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Albano Resilient Campus

The Albano area in Stockholm is a contested brown field located within the National Urban Park (NUP) close to the city centre, scheduled to host 100 000 m2 of research- and student space for the expansion of Stockholm University.

The Beijer Urban group in collaboration with scholars at Stockholm Resilience Centre, Royal Institute of Technology (KTH) and architects at KIT architecture has been playing a key role in integrating social-ecological considerations in the early planning process of a new university campus area that will become the meeting place for three largest universities in Scandinavia: Stockholm University, KTH and Karolinska Institutet.

This initiative envisions how local nature can support a better urban environment and how a science city can be built in a climate smart way. The new campus can support ecosystem resilience in the NUP and be sensitive to historical values as well as enhance transdisciplinary knowledge. Designs include the use of local conditions for energy production, greening of buildings with vegetation selected in relation to the historical landscape, and habitats and green corridors that support biodiversity and ecological processes such as species migration, pollination and seed-dispersal.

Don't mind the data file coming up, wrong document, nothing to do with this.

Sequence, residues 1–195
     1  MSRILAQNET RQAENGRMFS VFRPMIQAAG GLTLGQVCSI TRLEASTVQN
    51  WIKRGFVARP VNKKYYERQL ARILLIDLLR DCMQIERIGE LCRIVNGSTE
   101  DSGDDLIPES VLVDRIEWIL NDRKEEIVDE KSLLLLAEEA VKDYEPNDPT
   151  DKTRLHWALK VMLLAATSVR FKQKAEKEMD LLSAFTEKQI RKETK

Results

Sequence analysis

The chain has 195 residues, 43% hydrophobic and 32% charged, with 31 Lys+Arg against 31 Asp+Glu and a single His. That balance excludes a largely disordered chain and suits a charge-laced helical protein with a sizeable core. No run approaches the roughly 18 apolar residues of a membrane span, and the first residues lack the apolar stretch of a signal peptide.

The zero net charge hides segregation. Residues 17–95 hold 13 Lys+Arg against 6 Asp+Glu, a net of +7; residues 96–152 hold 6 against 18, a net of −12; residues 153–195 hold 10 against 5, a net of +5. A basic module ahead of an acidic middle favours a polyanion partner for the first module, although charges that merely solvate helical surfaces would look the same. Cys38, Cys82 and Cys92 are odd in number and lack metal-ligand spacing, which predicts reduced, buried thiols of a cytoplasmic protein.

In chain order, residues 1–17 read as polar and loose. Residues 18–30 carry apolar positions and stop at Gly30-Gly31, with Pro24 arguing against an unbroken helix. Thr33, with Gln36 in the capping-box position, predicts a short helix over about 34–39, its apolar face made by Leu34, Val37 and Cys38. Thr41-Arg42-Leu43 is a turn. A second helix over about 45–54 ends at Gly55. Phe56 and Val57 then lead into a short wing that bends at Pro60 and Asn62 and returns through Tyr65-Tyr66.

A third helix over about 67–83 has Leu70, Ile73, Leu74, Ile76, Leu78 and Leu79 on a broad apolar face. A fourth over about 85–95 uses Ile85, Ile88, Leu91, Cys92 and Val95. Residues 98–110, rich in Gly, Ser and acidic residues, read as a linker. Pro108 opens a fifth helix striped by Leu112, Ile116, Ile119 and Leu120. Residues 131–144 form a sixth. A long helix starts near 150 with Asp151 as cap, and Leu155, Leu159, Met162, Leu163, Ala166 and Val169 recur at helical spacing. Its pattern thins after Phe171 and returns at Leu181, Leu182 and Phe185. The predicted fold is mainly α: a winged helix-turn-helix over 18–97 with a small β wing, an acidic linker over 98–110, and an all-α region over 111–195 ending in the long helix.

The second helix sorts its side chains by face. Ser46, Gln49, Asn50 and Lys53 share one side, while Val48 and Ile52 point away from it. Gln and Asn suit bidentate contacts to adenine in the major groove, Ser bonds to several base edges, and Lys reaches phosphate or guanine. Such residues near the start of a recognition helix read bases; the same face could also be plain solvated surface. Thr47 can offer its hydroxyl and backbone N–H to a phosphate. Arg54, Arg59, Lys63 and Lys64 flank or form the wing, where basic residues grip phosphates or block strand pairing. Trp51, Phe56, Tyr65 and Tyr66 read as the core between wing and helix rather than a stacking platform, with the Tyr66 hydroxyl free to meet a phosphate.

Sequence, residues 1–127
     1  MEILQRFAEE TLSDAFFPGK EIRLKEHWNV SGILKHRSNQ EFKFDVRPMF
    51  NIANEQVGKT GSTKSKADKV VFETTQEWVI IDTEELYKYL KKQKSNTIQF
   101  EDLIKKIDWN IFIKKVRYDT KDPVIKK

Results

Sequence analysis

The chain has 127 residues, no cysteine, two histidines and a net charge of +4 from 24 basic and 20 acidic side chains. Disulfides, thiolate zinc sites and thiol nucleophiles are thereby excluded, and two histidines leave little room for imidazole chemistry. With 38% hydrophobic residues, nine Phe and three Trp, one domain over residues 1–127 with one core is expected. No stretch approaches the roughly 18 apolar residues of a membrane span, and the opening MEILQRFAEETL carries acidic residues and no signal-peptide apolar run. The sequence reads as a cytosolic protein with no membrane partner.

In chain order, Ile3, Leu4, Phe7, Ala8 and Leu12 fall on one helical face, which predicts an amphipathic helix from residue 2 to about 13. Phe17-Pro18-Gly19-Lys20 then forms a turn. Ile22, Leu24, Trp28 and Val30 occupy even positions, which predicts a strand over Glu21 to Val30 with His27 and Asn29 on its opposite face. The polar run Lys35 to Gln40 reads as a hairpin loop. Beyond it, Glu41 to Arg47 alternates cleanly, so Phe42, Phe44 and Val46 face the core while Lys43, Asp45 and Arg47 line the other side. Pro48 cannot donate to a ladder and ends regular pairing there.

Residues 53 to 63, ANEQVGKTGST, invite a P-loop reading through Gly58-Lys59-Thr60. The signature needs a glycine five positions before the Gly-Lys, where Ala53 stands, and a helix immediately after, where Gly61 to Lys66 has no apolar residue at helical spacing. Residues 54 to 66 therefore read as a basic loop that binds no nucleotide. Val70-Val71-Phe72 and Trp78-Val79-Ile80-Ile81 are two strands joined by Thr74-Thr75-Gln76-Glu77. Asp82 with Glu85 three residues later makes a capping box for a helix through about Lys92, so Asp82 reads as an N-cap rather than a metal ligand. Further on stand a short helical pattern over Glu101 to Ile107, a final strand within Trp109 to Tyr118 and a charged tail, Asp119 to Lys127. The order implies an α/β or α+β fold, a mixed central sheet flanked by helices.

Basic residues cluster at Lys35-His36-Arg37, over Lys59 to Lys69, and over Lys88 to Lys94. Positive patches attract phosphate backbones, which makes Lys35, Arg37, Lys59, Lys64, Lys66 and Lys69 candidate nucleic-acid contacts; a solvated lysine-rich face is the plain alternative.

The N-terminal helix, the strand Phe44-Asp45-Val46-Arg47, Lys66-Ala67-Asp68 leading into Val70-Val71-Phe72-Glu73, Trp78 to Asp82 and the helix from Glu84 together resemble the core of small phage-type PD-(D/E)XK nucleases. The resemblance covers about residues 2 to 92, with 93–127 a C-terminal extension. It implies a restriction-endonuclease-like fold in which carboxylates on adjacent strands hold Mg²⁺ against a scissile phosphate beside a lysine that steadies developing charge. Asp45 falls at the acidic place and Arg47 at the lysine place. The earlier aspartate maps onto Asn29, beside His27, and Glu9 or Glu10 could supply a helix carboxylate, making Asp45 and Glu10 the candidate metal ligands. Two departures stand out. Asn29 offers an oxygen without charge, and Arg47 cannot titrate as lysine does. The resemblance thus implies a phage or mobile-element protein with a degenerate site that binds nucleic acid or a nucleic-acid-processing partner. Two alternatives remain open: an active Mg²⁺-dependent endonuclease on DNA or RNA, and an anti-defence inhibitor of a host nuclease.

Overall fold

It also involves development of institutional designs related to “urban green commons” by which local civil society organizations, students, and scholars can become managers and stewards of habitats and green areas in the area (from wetland ponds to allotment gardens). Hence, this is an action-research oriented study project for integrating ecosystem services in urban designs, where project researchers take the double role of problem solvers on equal footing with practitioners and as observers, evaluating and documenting the process and its results.

The Albano Resilient Campus projects builds on Beijer researchers long-term research of the National Urban Park in Stockholm within the Millennium Assessment sub global assessment and as a concrete example of research from the SUPER project. 

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